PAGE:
In other news, the House passed a Strategic Production Response Act that would stop the Department of Energy from tapping the Strategic Petroleum Reserve (SPR) without a plan to increase leasing on Federal lands and water. President Biden vowed to veto this bill. Republicans, however, pointed to the release of 180 million barrels from SPR last year as a political move to lower gasoline prices before the November midterms.
WHAT, ME WORRY ABOUT INFLATION?
The 5-year Breakeven Inflation Rate ended Friday at 2.33%, ten basis points higher than the January 20 closing of 2.23%. The 10-year Breakeven Inflation Rate ended the week at 2.33%, ten basis points higher than the January 20 observation of 2.23%. There are no typos in this paragraph.
We have long been interested in the difference between the implied inflation rate between Treasury Inflation-Protected Securities (TIPS) and coupon-bearing Treasuries. The above graph highlights the difference between the 5-year Breakeven Rate and Core PCE. The big question is which one to believe. Especially since the 5-year Breakeven Rate doesn’t seem to react to changing economic conditions.
10-year quality spreads (AAA vs. BBB) were unchanged on the week, which is no real surprise given the lack of volatility.
Both readings tell the same story; credit spreads are at the lower end of the fair range and not wide enough for CDI to take a strategic position. Given this week’s weak economic data, we feel these spreads are likely to widen in the future.
WHERE ARE FIXED-INCOME INVESTORS PUTTING THEIR CASH?
Fixed income inflows are ripping and roaring. With the highest inflows in cash management for obvious reasons. Investors are out with their shopping bags picking up fixed income products.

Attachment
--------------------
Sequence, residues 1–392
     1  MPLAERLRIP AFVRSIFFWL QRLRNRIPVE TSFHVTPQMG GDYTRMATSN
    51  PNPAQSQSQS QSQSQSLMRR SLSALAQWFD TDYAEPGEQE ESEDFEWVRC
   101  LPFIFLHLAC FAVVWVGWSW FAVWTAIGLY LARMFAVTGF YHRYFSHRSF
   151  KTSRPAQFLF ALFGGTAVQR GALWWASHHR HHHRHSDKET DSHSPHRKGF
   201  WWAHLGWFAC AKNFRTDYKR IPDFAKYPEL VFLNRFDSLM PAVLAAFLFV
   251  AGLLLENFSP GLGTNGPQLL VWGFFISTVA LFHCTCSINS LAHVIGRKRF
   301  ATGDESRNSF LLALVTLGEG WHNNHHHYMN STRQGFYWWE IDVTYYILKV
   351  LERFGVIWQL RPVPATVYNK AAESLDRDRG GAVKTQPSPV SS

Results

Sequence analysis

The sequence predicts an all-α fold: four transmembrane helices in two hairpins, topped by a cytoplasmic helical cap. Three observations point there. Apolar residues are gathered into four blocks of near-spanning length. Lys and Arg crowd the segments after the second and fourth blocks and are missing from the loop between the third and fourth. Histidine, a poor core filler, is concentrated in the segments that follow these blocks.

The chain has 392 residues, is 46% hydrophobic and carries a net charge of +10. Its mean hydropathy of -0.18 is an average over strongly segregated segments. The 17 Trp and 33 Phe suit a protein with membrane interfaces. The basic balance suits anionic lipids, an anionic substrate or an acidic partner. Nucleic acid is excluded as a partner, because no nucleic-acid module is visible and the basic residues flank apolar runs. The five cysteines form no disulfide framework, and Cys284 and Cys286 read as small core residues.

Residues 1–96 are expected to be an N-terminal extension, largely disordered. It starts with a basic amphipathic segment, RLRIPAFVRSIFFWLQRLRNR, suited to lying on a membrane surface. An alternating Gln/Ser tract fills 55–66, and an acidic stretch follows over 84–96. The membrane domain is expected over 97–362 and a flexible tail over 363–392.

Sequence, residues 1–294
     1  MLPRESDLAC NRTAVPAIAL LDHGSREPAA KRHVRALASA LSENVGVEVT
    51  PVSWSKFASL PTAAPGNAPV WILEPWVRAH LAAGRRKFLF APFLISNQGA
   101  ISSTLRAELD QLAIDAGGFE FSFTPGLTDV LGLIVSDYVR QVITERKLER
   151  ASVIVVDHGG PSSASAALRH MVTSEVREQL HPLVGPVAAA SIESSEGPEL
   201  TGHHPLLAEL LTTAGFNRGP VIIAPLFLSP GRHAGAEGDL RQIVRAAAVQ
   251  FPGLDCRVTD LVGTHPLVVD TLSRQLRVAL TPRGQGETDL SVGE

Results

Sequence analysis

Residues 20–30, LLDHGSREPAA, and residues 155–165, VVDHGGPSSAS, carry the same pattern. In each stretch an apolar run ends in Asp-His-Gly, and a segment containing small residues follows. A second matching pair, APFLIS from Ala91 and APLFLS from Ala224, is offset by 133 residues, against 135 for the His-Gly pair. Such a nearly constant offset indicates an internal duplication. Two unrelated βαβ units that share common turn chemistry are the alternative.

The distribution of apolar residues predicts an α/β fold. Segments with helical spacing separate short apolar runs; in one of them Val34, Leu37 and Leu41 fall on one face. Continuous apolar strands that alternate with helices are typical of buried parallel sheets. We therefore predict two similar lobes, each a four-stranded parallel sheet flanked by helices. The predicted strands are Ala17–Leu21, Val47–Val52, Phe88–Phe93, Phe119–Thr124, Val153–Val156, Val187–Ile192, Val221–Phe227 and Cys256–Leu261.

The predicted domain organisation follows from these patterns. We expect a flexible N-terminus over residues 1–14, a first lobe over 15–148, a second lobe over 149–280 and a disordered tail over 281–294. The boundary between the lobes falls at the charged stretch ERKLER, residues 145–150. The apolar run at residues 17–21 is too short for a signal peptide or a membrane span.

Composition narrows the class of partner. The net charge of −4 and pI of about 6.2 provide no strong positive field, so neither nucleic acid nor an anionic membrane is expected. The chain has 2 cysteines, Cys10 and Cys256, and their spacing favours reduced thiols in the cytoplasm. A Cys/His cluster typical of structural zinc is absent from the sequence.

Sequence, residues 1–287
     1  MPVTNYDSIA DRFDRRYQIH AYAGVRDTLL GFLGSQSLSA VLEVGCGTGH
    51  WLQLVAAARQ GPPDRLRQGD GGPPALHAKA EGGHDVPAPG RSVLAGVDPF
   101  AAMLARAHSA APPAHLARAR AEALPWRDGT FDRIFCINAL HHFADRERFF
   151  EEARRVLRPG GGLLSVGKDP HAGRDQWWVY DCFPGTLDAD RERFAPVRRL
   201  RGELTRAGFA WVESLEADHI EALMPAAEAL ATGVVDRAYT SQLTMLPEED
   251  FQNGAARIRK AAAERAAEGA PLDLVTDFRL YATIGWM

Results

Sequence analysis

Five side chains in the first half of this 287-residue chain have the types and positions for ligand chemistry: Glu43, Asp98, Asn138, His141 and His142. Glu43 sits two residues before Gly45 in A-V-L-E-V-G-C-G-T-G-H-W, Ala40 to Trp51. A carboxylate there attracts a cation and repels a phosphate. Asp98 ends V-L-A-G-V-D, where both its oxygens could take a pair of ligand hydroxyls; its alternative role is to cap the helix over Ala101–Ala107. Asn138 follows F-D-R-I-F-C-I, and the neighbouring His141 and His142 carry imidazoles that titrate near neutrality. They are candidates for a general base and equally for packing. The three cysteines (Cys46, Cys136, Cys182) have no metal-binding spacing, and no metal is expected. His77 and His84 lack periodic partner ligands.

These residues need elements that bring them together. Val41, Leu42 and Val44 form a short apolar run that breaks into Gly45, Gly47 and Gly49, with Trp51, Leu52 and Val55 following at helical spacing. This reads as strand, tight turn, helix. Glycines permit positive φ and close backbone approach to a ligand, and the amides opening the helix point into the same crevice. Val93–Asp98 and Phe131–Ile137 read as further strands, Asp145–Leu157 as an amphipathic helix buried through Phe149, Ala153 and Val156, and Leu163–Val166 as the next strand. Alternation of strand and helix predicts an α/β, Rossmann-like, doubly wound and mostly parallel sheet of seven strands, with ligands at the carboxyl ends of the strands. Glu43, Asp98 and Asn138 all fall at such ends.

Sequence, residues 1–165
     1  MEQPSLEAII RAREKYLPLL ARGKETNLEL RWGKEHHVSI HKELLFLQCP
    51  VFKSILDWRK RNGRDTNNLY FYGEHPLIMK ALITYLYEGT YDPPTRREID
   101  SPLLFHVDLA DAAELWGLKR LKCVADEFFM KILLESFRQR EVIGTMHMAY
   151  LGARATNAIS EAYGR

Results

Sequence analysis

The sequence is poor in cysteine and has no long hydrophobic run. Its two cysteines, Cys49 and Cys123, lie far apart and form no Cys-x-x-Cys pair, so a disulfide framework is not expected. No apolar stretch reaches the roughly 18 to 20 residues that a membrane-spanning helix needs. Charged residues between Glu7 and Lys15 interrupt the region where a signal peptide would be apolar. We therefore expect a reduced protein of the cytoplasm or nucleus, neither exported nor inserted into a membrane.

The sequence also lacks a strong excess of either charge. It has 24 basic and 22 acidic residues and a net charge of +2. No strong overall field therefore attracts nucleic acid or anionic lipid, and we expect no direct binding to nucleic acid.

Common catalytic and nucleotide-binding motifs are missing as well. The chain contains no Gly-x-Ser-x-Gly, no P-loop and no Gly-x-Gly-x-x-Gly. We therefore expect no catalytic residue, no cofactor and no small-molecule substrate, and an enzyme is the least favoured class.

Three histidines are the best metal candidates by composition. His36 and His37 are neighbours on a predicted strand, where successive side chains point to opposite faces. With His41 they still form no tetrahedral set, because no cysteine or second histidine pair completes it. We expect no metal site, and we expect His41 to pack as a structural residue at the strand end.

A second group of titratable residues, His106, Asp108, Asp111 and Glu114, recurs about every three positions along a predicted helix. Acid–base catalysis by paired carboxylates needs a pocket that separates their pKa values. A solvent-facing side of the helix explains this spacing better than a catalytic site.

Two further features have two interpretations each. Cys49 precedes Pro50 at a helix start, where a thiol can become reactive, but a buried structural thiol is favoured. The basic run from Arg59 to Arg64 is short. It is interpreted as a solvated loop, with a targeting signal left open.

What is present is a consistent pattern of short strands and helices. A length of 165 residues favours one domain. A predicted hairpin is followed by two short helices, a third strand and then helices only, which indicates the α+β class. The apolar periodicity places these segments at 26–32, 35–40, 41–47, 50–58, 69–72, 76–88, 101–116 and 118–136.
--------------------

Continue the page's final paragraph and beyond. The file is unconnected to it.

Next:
Money Market Flows (millions of dollars)
Investors look to be attracted to money market funds, enticed by the inverted yield curve’s alluring yields.
Mutual Fund Flows (millions of dollars)
Some taxable bond funds lost money last week, but municipal bond mutual funds attracted more investor's cash flows. (The January effect continues.)
ETF Fund Flows (millions of dollars)
Although cash flows into bond ETFs slowed, the asset class seems to be gaining market share.
SUPPLY OF NEW ISSUE MUNICIPAL BONDS
We estimate that next week’s new issue supply will be low, around $550 million. Another sign that markets are awaiting the results of the Fed’s meeting.
Total new issuance supply figures of $10 billion or more usually indicate weakness in new issue supply pricing (higher yields).
This is an extremely important week for the fixed income markets. A plethora of economic data will be released; the most important news will be the outcome of the Fed meeting on Wednesday. The market has priced in a 25-bps rate hike. We are sympathetic to the Fed and the contradictory metrics it is seeing. Making policy must be challenging with these different data sources. But we also doubt that the Fed’s 2% inflation North Star will hold true in the post-pandemic new world order.